An interesting process played out this week in Chicago as Mayor Rahm Emanuel announced a spending freeze and phase-out plan for seven tax increment finance (TIF) districts. The Chicago Sun-Times reported that the move would free up $250 million from the TIF districts over the next five years for use in the overall city budget, half of which would go to the Chicago Public Schools.

While city budget problems led to the decision, there have long been calls for ending TIF districts that have served their purpose and improving transparency in TIF operations and spending. This is important because Chicago has 145 TIFs that generate between $350 and $400 million in annual revenue.

The mayor’s TIF plan is also reported to include:

  • Returning at least 25% of the unrestricted cash balance of healthy TIFs to local government
  • Establishing a TIF termination policy under which districts would be automatically shut down in certain circumstances
  • Providing more detail on TIF spending through the city’s open data portal

While TIFs are a useful tool for economic and community development, greater transparency and accountability are needed. As an article in Crain’s Chicago Business put it:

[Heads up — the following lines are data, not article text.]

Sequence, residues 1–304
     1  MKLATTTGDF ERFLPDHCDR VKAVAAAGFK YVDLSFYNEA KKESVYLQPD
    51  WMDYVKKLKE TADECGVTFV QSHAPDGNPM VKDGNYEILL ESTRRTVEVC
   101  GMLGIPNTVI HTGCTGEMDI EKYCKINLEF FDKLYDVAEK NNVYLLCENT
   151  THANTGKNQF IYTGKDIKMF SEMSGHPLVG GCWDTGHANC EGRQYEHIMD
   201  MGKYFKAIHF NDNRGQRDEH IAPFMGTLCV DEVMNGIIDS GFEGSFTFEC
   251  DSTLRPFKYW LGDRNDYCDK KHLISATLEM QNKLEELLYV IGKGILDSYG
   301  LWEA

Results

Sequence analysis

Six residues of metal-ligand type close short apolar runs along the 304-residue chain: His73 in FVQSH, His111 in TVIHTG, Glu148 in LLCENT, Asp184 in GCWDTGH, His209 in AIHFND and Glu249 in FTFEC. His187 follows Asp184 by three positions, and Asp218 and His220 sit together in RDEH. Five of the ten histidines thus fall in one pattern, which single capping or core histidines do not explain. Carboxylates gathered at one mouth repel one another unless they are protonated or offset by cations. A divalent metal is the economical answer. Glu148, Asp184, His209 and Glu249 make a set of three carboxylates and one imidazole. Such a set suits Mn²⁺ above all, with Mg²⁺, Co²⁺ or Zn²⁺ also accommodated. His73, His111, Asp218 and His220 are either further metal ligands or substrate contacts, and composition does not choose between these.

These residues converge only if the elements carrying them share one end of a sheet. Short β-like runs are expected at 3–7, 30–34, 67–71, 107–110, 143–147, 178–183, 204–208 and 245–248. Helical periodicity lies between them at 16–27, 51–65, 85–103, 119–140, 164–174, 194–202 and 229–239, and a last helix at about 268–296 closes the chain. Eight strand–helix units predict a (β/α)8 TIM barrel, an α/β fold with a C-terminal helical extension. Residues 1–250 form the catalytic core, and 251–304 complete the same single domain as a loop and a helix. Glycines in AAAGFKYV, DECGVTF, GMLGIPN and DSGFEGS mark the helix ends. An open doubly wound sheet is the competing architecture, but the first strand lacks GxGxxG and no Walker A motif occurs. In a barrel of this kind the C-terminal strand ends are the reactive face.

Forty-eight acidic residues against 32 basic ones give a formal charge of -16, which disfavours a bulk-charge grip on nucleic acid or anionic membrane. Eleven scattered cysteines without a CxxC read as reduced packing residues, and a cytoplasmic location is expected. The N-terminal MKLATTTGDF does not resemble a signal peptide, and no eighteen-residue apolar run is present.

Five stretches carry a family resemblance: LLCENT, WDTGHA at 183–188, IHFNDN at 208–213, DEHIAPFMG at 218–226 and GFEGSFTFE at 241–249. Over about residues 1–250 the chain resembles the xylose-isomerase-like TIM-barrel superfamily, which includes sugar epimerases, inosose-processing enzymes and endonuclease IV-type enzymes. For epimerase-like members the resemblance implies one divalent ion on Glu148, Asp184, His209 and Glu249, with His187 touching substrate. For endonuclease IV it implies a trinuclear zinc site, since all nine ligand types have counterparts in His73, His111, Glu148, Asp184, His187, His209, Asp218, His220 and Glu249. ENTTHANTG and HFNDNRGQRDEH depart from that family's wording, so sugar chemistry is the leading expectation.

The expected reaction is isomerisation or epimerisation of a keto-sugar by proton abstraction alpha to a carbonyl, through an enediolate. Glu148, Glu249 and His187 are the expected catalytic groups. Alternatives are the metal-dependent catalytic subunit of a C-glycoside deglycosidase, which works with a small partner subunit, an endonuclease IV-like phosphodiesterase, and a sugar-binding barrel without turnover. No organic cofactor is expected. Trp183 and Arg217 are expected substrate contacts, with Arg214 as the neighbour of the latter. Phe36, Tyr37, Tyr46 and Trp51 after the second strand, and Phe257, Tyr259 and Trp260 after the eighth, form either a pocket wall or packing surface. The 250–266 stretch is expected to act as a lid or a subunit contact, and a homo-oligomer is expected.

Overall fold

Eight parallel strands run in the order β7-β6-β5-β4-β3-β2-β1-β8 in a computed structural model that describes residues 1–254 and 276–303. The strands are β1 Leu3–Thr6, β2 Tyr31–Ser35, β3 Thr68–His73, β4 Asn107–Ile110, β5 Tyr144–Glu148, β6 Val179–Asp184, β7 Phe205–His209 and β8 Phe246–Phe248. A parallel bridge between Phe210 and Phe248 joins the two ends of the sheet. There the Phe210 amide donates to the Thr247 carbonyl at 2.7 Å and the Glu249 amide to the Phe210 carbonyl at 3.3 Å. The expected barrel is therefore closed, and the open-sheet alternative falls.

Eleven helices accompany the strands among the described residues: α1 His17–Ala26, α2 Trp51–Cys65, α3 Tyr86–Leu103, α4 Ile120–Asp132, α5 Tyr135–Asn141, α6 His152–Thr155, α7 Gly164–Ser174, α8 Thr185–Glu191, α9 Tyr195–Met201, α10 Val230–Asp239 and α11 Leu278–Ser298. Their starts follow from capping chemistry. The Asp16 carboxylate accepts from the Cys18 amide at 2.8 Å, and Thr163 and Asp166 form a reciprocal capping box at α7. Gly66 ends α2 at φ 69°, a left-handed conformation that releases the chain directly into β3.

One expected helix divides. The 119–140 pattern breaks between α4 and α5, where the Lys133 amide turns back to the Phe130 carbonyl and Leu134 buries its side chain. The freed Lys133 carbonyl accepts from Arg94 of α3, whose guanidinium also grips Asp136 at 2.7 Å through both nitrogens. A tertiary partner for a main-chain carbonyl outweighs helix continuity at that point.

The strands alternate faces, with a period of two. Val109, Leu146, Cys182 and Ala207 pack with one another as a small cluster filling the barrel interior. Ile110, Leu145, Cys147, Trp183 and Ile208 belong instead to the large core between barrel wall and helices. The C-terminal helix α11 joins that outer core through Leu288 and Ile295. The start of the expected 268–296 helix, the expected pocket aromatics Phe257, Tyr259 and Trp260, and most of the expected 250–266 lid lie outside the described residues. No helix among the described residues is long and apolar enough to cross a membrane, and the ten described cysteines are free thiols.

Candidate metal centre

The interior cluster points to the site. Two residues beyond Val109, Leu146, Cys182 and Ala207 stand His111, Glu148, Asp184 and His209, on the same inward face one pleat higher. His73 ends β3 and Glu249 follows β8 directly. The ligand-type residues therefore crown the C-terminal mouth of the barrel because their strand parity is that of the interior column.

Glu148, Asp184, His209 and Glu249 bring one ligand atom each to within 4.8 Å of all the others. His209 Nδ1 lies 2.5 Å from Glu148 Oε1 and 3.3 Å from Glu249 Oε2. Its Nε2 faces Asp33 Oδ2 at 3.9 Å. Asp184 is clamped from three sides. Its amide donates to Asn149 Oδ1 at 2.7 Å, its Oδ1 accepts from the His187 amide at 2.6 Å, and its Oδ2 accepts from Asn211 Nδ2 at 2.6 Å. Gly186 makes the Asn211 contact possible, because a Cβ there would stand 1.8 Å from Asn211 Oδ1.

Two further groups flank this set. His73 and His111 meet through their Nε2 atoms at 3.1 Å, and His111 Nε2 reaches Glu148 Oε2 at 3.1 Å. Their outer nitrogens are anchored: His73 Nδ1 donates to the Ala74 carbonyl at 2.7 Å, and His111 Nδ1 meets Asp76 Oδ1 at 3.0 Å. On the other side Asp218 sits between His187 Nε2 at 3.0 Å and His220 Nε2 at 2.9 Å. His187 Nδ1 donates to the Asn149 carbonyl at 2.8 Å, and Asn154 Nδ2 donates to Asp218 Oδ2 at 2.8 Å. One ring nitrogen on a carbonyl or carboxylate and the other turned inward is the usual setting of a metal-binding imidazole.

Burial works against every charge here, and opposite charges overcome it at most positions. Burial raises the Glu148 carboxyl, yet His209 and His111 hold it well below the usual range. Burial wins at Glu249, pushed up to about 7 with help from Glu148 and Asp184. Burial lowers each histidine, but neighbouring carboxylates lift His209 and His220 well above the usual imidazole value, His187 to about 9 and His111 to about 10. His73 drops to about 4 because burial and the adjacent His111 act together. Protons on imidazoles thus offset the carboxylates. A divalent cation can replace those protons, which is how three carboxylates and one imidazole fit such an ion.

What’s needed is a rigorous process in which each project’s public benefit is clearly spelled out, spending is scrutinized, contracting details are disclosed, and annual reviews assess whether a TIF district is still serving the public interest.

A recent report from Cook County Clerk David Orr providing great detail on Chicago TIFs  can be found here. As Orr explained in the Chicago Business article:

It’s not so much that TIF money is spent downtown or on private development projects. The problem is a lack of transparency, democratic debate and accountability in the TIF program.

This is consistent with our four core principles of using specialized data and analytical tools to support decision-making and preparing for greater transparency and accountability in the use of incentives.